Even without its wall of dead weeds, Cas-en-Bas looks very different from the place Amy Winehouse left. Cotton Bay’s tractors have been replaced by a few workmen with shovels and bin bags. It’s less destructive, but without the right tools and training, each vain scoop of seaweed brings a bit more sand with it. The beach itself is beginning to disappear.

The world’s islands

To Cuban writer Antonio Benítez-Rojo, the Caribbean has “neither a boundary nor a centre”. It’s the one place where an English singer could feel like she was finding her family for the first time, inexplicable Brazilian flora could choke off thousands of livelihoods and the population of some islands could more than double as people temporarily disembark ships during peak cruise season. As globalisation’s nursery, the Caribbean has its own definition of local. It’s always been a good fit for the cruise industry.

500,000
passengers The predicted increase in passenger numbers to the Caribbean in 2019.
Cruise Industry News Annual Report

This connection was perhaps never more in evidence than in the aftermath of the 2017 hurricane season. Four months after Puerto Rico was rocked by Hurricanes Irma and Maria, its tourism industry had made a remarkable recovery. Florida-Caribbean Cruise Association (FCCA) president Michelle Paige credited it to the collaborative work of the FCCA, its member lines and government bodies in “assisting the destination and its people in a time of need – serving as a true testament of our partnership and a model for future recovery efforts”.

It’s a far cry from the industry’s response to the Haitian earthquake of 2010, when Royal Caribbean was lambasted for continuing cruises to Labadee, a private island just 60 miles from the wrecked port and mass graves of Port-au-Prince.

You could have no hurricanes for many years, but if there’s a recession it’s not going to matter that much.
C Patrick Scholes, SunTrust Robinson

Indeed, in the aftermath of the hurricanes, Royal Caribbean worked with the government of the US Virgin Islands to rapidly repair and reopen the devastated Magens Bay, one of the most popular beaches on St Thomas. Whereas eight years earlier the company had donated deckchairs and sunloungers in a misguided effort to protect its brand, at Magens Bay it commissioned an artwork that used wood torn up by the storms to celebrate St Thomas’ history and ability to overcome adversity. That proved prescient. By the fourth quarter of 2018, the US Virgin Islands and other severely hurricane-damaged areas were registering triple-digit increases in tourist visits over previous months, according to CTO figures.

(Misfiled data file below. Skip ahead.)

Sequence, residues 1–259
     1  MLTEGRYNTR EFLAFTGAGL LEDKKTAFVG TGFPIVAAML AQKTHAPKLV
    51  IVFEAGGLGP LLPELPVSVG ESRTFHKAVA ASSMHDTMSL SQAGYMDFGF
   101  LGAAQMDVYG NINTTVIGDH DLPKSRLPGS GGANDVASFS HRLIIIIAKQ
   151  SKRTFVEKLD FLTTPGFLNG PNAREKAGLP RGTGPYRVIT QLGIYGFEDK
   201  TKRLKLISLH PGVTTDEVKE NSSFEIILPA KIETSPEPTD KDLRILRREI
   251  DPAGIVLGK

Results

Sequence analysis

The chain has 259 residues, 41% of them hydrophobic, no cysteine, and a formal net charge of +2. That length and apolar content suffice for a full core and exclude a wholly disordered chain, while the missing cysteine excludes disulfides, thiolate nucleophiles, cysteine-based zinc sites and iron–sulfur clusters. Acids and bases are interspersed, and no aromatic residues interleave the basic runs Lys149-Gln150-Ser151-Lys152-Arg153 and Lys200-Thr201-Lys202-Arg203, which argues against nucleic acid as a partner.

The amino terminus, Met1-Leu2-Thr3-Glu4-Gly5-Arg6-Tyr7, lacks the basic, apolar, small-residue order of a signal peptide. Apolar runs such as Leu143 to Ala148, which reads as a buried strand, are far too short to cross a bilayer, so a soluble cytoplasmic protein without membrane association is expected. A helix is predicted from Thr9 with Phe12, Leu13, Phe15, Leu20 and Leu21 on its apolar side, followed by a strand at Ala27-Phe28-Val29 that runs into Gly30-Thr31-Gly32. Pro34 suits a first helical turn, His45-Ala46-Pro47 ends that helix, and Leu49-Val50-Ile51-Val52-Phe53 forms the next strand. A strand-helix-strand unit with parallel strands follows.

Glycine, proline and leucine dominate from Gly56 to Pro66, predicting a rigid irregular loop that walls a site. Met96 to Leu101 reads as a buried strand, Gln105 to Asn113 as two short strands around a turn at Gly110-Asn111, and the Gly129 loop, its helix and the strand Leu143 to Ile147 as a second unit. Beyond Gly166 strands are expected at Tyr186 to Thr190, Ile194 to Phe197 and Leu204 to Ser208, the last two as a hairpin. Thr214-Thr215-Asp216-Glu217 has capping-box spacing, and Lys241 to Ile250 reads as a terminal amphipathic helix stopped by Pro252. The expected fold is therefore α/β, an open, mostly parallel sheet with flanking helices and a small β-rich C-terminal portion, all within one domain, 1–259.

For all that positivity, it’s worth noting that cruise lines largely kept to the same script on both occasions. Royal Caribbean vice-chairman Peter Goldstein was scorned in 2011 for writing, “People enjoying themselves is what we do; people enjoying themselves in Labadee helps with relief”. In 2018, Carnival CEO Arnold Donald faced no pushback for stating that cruising was a “catalyst for an entire island’s recovery”, before highlighting the operator’s pride at how quickly its service returned to normal.

Of course, the earthquake and hurricanes were different events in different places, but it’s clear that the way the cruise industry has intertwined with the wider Caribbean system in the past decade has helped to make its arguments more relevant.

80%
The amount of the Bahamas that would be underwater if global temperatures increased by just 2°C – in line with the 2015 Paris Climate Agreement.

C Patrick Scholes, a Wall Street analyst specialising in the leisure sector at SunTrust Robinson, does not see that trend reversing. “I think the islands and the cruise lines have to stay entwined,” he says. “Over the years, we’ve seen them become more entwined because there are simply more cruise ships out there. It’s rare that you ever hear an island say, ‘We don’t want any more.’”